Creativity with Crumbles in Year 6
Our Lady of Lourdes Catholic Nursery and Primary School
This project allowed me the opportunity to see what my Year 6 class were capable of in terms of Computing and how transferable their skills were i.e. in terms of Scratch. I explored the Crumble's capability and allowed the children the freedom to create whatever they wanted. See planning, worksheets and Powerpoint that accompanies the project.
Lesson 1: Crumble Capability and Design
To introduce the session we looked at what a robot can do by watching the Manchester Robot Orchestra video. We then explored what a Crumble was and looked at videos and pictures to judge the capability of it. I allowed the children time to explore the Crumble offline and try and connect inputs and outputs to it using crocodile clips. At this stage they did not need a computer as they were just looking at the hardware (Crumble. motors, battery and crocodile clips). What I did realise was that it would have been useful to recap on electricity and circuits prior to this session as they struggled with connecting the crocodile clips to the positive and negative outputs/inputs on the Crumble.
After this we then discussed what we could create using the motors. Carousels , planes and cars were what was suggested. They then drew and labelled their designs on the Design worksheet in small groups and we shared their ideas in the plenary.
Lesson 2/3: Making
We recapped on the previous lesson and then I shared the materials available to them (coloured card, tape, pipe cleaners etc). In small groups they then began to create their design. I supported them in terms of attaching motors etc to their designs and discussed how they might code their motors. This lesson required two sessions to allow them to design their finished creations as the children wanted to paint and add details to their creations. Some groups struggled working together so I think it would have been better to have a Crumble in pairs to enable all children to participate. Allowing the groups the creativity meant that it did take longer than the one lesson, but it gave the children the opportunity to develop their making skills.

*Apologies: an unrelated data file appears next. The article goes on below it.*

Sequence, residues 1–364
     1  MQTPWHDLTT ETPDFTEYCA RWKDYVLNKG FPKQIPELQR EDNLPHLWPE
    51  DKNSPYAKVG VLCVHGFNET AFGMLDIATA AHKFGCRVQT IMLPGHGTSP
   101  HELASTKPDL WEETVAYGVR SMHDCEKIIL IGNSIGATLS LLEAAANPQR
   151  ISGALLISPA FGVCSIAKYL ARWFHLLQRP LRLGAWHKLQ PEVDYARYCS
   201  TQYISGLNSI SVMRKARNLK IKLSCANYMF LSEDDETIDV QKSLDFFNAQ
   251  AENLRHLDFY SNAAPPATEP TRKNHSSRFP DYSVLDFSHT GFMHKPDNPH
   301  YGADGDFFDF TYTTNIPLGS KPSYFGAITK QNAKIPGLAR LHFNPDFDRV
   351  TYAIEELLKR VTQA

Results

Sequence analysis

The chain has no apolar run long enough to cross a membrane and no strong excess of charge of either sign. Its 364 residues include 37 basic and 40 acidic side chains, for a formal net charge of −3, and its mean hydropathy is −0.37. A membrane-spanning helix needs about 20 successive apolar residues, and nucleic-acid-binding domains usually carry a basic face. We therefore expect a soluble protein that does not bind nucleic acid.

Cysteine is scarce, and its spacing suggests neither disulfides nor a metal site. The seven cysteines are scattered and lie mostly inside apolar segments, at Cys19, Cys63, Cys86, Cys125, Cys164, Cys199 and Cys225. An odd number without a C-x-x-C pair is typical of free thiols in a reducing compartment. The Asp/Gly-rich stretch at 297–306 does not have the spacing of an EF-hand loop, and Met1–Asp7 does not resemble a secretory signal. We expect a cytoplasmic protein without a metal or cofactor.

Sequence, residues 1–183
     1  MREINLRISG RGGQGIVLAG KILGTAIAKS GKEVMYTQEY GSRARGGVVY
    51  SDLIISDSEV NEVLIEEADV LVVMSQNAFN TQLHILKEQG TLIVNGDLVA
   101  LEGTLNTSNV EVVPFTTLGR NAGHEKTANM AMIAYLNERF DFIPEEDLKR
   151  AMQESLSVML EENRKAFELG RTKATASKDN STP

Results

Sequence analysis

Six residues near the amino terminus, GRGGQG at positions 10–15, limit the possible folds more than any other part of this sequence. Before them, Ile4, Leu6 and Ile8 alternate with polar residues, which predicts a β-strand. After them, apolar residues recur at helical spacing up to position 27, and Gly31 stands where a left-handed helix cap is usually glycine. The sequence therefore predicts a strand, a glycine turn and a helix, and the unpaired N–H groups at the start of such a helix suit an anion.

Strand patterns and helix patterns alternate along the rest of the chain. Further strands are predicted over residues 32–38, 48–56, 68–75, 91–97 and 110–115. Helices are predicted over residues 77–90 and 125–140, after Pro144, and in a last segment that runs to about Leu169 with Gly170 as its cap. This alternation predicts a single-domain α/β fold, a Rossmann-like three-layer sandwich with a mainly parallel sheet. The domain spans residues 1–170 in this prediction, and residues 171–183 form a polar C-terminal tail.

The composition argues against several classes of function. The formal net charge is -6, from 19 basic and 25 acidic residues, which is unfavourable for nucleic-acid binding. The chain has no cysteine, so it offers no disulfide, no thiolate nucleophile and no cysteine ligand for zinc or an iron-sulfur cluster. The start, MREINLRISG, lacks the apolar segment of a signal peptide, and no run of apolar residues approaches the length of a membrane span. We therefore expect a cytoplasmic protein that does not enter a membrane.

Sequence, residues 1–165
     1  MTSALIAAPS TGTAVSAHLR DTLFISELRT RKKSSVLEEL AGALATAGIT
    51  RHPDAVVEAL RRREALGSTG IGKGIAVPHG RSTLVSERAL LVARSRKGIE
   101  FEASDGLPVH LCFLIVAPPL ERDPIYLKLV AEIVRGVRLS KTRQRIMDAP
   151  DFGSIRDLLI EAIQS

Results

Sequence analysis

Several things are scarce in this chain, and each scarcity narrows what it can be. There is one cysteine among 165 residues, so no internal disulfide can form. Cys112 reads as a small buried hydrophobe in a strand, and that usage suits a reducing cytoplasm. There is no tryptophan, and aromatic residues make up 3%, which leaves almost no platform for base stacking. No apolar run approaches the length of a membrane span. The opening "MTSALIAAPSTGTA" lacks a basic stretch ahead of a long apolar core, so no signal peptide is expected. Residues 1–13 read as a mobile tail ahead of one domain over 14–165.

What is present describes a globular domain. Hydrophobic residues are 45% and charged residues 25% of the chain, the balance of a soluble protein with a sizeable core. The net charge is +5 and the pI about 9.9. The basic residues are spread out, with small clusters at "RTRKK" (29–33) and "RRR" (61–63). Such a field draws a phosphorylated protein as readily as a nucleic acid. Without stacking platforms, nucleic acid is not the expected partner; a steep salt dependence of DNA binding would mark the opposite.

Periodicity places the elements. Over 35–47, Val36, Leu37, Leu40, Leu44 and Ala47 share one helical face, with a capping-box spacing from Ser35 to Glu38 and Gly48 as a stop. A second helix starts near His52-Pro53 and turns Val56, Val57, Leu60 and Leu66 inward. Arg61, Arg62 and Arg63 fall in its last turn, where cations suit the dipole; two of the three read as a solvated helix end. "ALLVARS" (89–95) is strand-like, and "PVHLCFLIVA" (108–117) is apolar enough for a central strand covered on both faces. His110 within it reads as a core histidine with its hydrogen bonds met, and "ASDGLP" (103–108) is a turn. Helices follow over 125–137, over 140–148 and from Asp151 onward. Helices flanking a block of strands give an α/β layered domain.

Lesson 4: Coding
I used the Redfern Electronics cards on the Powerpoint to discuss how the Crumble software works. We looked at how the blocks connect together and how to change the blocks i.e. Motor 1 to 2 just like Scratch. Having shown them the basics of how the blocks work, I then allowed the children time to tinker with the motor blocks to get their creation moving. This gave me the opportunity to recap on Computing vocabulary such as program, algorithm, repeat loops, debugging etc. I was surprised how quickly the children worked out how to use the wait function and to get their cars and carousels moving in different directions. As a challenge I did allow some groups to use the sparkles and they had to work out how to code them independently.
We then completed a pairs swap session and they evaluated the success of their design using the evaluation sheet. time was given at the end for all groups to look at each others' work.
Overall, I was pleased with the project as the children gained a range of cross-curricular skills such as 3D design and building, teamwork and creativity. They were proud of their design and picked up the Crumble coding concept much faster than expected. Although I used it in Year 6, younger children, if have coding experience, could easily create their own simple designs using the Crumble.
As stated above I think it would have been better if:
Children had worked in pairs with a Crumble rather than groups of 3/4.
Complete an electricity recap prior to lesson i.e. about completing circuits.
Had more realistic timescale for the making session of the project as it took much longer than expected.
Used more sparkles and possibly servos too so that the children could add these to their designs.
CAS Manchester Loan Scheme
A fantastic resource and a huge thank you from my class and I! In terms of loaning the Crumble equipment to schools, I would suggest that individual components be made available as the Crumble Bot packs are far too complicated for Primary children (and me!) but would be great for secondary or above.
15 sets of the following would be useful:
Crocodile clips (bags of 8)
Sparkles (at least 2 per pack)
Wheels (2 per pack)